Bleurgggh – I’m up! I’m up! Dewey’s Readathon October 2018

Hour the First

Hello.  It’s 8:38.  Still hour one.   Have read for a few minutes.   Usually I start a new book, but so far I’ve been reading what I was reading before:  Silent Pool by Patricia Wentworth,  I could probably finish it and start a new one later.   Still can’t decide!   More coffee required.   We’ll see how long I last!  Starting with chapter 28.

11 AM – Starting 4th hour

Remarkably little progress I’m ashamed to say.   Have eaten a breakfast sandwich and helped the cat with his mid-morning nap.  I  will try to limit distractions and go in the other room.

2:18 PM – Middle of 7th hour

Finished Silent Pool.   Eh.   It was okay.   I’ll write a full review soon, or as full as I ever do.   Miss Silver didn’t have much work to do and it takes a good half of the book to get to the murder.    I have moved on to Tour-de-Force by Christianna Brand.  Despite unenthusiastic reviews on Amazon, I seem to remember other bloggers liking this one.   I like the beginning.  Inspector Cockerill is on a plane to Italy for a package holiday he is already regretting he signed up for.   Brand is at her most amusing describing his fellow tourists.  I’ve wasted more time than I care to admit reading tweets and grams.  Plus this group gets to see even less of Milan than I did, so I identify with them.

6 PM -Ending the 10th hour, beginning the 11th

Hard to believe it’s been 10 hours.   I’m still awake. which is something of a feat and surprise.   I am only 21% through the darned book though.   It’s not that long, but I seem to be reading slower than usual.   I have been having a few snacks:  a piece of angel food cake, hummus, salmon salad and chips, a Magnum caramel ice cream bar.   Plenty of snackage.   I have not wasted too much time on teh interwebs.   Okay, a bit.   But I shall once again adjourn to another room and maybe focus better.   Maybe.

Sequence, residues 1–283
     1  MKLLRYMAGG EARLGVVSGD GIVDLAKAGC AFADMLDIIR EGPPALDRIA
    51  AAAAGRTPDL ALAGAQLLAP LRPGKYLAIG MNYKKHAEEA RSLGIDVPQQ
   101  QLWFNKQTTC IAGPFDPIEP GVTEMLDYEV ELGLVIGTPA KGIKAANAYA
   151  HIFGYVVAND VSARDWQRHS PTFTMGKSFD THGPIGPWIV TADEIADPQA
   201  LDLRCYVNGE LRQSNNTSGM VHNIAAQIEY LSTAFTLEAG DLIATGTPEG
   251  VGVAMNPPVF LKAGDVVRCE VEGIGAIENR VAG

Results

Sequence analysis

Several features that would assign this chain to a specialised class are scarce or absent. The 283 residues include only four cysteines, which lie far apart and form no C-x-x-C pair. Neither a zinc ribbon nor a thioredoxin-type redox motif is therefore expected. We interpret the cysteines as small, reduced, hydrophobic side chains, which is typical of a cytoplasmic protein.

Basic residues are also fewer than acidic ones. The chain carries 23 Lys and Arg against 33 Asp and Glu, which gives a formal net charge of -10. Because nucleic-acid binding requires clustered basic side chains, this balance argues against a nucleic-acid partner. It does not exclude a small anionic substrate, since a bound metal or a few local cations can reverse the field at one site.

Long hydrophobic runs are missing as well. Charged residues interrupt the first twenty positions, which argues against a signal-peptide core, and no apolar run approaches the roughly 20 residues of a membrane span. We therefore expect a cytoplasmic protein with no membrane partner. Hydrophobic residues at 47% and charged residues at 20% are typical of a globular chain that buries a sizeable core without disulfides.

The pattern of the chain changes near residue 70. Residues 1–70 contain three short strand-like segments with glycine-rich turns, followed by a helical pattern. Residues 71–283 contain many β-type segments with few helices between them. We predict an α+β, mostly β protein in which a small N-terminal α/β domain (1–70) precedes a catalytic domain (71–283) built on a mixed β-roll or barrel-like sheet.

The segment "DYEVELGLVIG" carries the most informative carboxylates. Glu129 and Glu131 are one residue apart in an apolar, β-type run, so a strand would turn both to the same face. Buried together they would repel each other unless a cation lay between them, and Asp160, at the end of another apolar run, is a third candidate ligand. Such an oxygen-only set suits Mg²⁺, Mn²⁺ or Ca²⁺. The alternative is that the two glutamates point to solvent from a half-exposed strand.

10:30 – Halfway through the 15th hour

I did fall asleep.   There’s not much reading left in me, I have a feeling, but we will see.  So, not much further than I was over 4 hours ago.   Story of most of my readathons.

11:30

I forgot the surveys.   How long have I been doing this?

Mid-Event Survey:
1. What are you reading right now?

Tour-de-Force by Christianna Brand

2. How many books have you read so far?

1/3 of one and 1/3 of another

3. What book are you most looking forward to for the second half of the Read-a-thon?

I’m just hoping to get farther in this one.    It’s getting late, don’tcha know?

4. Have you had many interruptions? How did you deal with those?

No.   Distractions.   Teh interwebs and one nap.

5. What surprises you most about the Read-a-thon, so far?

How slow I am at reading.   See?  I’m distracted by this survey.   I can’t focus for more than a few minutes it seems.

 

Sunday  11:38 AM

1. Which hour was most daunting for you?

1st, 10th and I gave up mid 19th

2. Tell us ALLLLL the books you read!

1/3 of Patricia Wentworth’s Silent Pool and 2/3 of Christianna Brand’s Tour-de-Force
3. Which books would you recommend to other Read-a-thoners?

Well, I haven’t finished Tour-de-Force, but I’m enjoying it.   If they like sweet old-fashioned mysteries, Wentworth is usually good.   More romantic than Christie.
4. What’s a really rad thing we could do during the next Read-a-thon that would make you happy?

Have another reverse one in January!
5. How likely are you to participate in the Read-a-thon again? Would you be interested in volunteering to help organize and prep?

Very likely to participate.   Sorry, not helpful otherwise.

Forgot to mention I woke at 7 and read through bleary eyes the last hour.  I will write a review soon.  Hoping to finish Tour-de-Force soon.

Readathon Time!

And just in the nick of time.  I’d got it in my head it was next week, but it’s tomorrow!   Crikey!  Almost missed it!    So, for anyone new to this out there – we read – or try to – for 24 hours – all the same 24 hours, so whatever the equivalent of 8:00 AM eastern U.S. time is for you 24 hours from that.  You can find out all about it here

 http://www.24hourreadathon.com/

24hourreadathon2015

Most of us do not manage 24 hours of reading, but we read a lot more than usual, cheer each other on and eat many snacks.   It’s practically an international holiday.  So, what are you waiting for?   Check your shelves, both book and food.  Head to the store.  piles of books and snacks!   That’s what we need!   When do we need it?  19 hours 17 minutes from now!  Go!

 

Phinnea's Book Blog List

Idle thoughts on books and movies. Some new, but mostly old.